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Avinash Dongare1 Jin Wang2 Arthur Dobley3 C Carter1 4

1, University of Connecticut, Storrs, Connecticut, United States
2, University of Pennsylvania, Philadelphia, Pennsylvania, United States
3, Eaglepicher Technologies, East Greenwich, Rhode Island, United States
4, Sandia National Laboratories, Albuquerque, New Mexico, United States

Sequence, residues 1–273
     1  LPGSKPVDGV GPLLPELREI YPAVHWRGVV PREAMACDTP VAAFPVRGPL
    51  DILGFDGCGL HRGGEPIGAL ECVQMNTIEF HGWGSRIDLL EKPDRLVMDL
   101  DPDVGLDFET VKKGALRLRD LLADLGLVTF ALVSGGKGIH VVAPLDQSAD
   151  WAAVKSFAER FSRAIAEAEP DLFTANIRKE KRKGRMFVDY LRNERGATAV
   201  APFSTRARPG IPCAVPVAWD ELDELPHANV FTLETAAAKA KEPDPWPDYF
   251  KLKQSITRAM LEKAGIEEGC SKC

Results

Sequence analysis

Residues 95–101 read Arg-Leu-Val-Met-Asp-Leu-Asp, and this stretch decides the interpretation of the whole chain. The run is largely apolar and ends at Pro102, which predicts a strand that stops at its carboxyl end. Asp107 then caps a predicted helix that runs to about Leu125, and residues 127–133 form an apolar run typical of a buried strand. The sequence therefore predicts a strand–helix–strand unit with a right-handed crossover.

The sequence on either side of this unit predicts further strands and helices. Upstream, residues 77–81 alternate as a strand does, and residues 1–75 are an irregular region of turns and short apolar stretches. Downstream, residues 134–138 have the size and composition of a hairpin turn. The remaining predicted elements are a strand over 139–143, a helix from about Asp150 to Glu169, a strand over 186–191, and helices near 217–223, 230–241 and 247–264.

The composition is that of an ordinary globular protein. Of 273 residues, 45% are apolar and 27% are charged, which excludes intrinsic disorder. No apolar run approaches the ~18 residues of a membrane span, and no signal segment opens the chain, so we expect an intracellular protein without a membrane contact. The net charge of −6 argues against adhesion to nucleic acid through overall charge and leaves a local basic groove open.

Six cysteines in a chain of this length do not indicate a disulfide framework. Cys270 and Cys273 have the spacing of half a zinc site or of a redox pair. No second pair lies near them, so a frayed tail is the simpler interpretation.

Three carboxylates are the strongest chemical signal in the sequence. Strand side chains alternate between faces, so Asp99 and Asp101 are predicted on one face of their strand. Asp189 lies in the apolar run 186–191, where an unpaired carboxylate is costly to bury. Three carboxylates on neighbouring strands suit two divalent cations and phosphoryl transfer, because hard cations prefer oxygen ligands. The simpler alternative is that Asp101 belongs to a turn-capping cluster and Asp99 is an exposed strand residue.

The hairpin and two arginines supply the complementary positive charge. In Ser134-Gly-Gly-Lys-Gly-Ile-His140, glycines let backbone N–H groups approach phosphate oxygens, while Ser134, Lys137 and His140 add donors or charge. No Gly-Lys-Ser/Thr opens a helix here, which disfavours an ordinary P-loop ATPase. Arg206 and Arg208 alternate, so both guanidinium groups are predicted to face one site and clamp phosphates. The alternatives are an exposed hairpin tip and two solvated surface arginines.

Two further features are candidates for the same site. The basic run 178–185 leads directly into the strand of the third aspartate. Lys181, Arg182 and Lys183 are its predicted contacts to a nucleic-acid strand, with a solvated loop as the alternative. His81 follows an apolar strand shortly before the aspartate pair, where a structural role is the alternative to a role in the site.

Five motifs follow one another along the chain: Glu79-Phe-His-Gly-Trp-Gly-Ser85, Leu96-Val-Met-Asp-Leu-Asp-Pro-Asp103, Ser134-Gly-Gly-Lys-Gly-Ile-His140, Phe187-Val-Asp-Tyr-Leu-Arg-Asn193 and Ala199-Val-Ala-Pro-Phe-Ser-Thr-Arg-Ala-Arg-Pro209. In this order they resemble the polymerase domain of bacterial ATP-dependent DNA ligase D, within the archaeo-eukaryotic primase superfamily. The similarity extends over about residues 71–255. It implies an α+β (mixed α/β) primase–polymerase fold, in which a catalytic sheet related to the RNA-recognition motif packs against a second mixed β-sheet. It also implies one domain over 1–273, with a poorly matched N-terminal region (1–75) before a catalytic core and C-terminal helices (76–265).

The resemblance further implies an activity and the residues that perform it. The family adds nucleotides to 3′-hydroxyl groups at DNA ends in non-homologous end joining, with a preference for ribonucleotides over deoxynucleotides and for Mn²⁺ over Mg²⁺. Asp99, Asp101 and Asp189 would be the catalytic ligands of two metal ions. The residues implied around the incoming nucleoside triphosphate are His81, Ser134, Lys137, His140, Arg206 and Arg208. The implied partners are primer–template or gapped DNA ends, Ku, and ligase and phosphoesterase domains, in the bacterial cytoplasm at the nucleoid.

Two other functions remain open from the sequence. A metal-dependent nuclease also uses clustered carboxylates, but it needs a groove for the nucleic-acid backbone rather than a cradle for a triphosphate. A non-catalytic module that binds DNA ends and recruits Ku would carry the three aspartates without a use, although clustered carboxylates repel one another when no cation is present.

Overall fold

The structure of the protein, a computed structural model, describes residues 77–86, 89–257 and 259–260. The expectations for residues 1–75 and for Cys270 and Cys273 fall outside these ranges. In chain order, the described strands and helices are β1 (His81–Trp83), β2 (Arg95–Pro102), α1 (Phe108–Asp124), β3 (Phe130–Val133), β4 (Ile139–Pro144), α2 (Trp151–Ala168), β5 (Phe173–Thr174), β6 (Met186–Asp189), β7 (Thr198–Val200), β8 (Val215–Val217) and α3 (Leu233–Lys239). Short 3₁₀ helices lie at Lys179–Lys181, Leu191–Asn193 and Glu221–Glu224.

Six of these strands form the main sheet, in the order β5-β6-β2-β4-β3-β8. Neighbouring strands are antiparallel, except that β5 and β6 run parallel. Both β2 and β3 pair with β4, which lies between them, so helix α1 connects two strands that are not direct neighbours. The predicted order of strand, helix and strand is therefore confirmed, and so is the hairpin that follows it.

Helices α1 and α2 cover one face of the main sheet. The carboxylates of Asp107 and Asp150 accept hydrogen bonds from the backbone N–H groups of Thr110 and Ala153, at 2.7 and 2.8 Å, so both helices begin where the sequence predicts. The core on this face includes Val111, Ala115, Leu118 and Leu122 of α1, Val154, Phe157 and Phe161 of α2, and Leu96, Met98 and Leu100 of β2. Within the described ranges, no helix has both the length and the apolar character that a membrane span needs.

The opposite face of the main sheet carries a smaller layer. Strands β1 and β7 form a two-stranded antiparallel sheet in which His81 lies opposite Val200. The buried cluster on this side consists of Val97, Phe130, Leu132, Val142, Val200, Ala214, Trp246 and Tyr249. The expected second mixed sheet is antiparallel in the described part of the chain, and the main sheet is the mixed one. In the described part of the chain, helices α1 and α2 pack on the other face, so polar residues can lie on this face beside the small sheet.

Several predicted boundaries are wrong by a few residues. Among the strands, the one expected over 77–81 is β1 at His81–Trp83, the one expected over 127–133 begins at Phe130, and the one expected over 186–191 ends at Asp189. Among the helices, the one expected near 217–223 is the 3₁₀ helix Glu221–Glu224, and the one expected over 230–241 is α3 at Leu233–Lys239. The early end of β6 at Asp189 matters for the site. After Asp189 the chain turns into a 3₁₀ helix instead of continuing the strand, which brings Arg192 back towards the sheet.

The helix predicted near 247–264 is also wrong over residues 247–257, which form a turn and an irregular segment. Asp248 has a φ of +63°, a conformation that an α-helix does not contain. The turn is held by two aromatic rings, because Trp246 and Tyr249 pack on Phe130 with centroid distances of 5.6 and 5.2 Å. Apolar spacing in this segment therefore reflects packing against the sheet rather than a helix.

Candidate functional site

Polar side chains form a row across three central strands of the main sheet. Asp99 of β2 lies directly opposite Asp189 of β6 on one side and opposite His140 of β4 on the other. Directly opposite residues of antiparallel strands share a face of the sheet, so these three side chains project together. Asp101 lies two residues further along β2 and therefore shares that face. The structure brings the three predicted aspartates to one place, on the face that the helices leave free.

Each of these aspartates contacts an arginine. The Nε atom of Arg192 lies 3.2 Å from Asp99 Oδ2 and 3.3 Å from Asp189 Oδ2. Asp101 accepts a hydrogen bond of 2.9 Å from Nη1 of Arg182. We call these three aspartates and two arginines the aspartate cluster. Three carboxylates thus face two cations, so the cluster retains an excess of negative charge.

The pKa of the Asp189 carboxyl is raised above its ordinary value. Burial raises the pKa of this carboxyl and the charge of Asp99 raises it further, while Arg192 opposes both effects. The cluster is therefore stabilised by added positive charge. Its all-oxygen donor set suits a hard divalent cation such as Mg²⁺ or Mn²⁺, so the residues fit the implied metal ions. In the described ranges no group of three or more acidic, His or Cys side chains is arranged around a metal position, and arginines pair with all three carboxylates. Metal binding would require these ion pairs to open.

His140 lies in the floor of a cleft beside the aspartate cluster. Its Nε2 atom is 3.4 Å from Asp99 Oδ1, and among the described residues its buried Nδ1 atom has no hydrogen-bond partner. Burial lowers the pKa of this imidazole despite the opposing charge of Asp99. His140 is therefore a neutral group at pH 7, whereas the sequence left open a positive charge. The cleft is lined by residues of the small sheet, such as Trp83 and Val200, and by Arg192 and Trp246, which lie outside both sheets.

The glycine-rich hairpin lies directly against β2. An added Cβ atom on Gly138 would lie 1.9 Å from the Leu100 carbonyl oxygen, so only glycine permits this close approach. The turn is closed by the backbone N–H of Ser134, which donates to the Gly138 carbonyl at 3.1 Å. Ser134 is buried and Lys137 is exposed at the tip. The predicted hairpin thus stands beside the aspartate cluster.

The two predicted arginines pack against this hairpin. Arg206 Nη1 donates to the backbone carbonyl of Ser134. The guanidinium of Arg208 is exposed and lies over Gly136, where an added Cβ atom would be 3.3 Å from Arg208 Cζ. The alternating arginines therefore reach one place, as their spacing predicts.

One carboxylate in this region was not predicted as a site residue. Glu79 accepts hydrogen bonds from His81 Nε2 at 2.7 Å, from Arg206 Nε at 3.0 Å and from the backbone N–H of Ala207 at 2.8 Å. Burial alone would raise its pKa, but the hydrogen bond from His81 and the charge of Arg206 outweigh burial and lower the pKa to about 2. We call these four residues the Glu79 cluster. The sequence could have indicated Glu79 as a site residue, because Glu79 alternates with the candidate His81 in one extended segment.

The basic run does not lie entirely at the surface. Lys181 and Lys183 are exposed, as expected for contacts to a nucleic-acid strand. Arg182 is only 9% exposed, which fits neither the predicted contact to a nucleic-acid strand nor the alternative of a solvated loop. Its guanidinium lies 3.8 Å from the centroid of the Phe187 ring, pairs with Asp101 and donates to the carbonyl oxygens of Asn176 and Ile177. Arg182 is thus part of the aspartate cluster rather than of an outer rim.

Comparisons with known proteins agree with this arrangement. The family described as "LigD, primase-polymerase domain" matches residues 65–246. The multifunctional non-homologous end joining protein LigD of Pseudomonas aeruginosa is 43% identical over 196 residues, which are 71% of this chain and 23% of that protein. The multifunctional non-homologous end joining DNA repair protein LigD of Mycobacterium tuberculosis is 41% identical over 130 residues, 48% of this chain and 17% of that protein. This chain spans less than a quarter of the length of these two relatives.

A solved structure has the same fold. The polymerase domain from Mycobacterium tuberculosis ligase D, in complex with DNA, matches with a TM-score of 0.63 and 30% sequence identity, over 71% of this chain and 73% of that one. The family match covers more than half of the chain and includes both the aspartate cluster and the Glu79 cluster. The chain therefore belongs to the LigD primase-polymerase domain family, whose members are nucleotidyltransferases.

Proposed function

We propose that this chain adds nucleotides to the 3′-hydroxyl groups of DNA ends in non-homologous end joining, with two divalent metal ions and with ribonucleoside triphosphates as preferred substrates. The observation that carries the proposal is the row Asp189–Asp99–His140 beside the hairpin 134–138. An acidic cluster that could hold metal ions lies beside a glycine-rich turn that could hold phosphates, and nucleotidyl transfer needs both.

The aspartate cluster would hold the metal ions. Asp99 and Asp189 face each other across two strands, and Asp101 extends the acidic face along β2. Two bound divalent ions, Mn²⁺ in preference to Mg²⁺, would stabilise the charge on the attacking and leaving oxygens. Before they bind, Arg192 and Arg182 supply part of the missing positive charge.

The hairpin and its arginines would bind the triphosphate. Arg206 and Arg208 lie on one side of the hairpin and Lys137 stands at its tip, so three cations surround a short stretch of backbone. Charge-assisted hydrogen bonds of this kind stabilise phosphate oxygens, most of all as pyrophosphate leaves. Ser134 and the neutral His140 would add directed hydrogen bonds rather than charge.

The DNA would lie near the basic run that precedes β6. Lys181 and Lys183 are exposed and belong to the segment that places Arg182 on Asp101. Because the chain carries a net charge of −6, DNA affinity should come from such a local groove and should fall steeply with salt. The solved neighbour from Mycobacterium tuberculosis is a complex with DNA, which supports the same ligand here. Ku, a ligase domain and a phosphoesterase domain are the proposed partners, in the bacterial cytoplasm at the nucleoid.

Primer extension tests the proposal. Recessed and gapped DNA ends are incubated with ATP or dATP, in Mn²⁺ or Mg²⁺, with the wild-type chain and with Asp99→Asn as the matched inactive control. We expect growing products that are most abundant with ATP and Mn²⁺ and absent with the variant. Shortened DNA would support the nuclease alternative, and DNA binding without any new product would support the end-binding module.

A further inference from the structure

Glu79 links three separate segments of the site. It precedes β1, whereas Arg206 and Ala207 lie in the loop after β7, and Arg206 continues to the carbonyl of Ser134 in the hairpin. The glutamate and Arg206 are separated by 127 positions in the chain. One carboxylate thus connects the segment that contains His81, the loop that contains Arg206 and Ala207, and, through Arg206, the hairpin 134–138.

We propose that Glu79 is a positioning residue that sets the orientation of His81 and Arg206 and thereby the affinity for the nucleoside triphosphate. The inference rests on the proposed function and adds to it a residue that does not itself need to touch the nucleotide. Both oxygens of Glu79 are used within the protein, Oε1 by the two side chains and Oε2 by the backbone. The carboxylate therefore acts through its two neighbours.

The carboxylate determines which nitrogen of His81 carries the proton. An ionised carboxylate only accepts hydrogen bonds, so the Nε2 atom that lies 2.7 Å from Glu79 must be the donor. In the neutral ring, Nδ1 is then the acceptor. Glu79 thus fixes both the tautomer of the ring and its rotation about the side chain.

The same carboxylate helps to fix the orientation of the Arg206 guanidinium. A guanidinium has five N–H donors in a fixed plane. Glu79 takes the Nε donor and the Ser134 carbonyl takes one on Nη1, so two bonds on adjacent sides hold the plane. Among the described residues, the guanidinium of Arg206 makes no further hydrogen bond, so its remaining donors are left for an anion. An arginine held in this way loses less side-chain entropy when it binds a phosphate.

The design/discovery of layered materials for applicability in next-generation battery technologies requires a fundamental understanding of the links between the atomic-scale structure, chemistry and the mechanisms and energetics of intercalation and de-intercalation reactions, and a consideration of other solid-state reactions that might compete. The goal of our research is to design/discover layered material microstructures as alternatives to graphite using an innovative combination of atomic-scale modeling, experimental in-situ characterization of the microstructural evolution during (de)intercalation reactions. Density functional theory (DFT) simulations are carried out to investigate the structural accommodation of the layered material during insertion and exertion of the intercalating species (energy barriers, volumetric expansion, and phase transformations). The structural stability of the 2H and 1T phases of MoS2 during lithiation suggests that a phase transformation of the 2H phase of MoS2 to the 1T phase may occur when MoS2 is reacted with Li; the computational study allows different dosages of Lithium ion to be assessed with the aim of testing these the validity of these models using in-situ characterization of the solid-state reactions between Li and MoS2 in the transmission electron microscope (TEM). The mechanisms of strain relaxation and the energetics of Li intercalation-induced phase transformations in MoS2 at the atomic scales will be presented. This work is supported by NSF grant No. 1820565.

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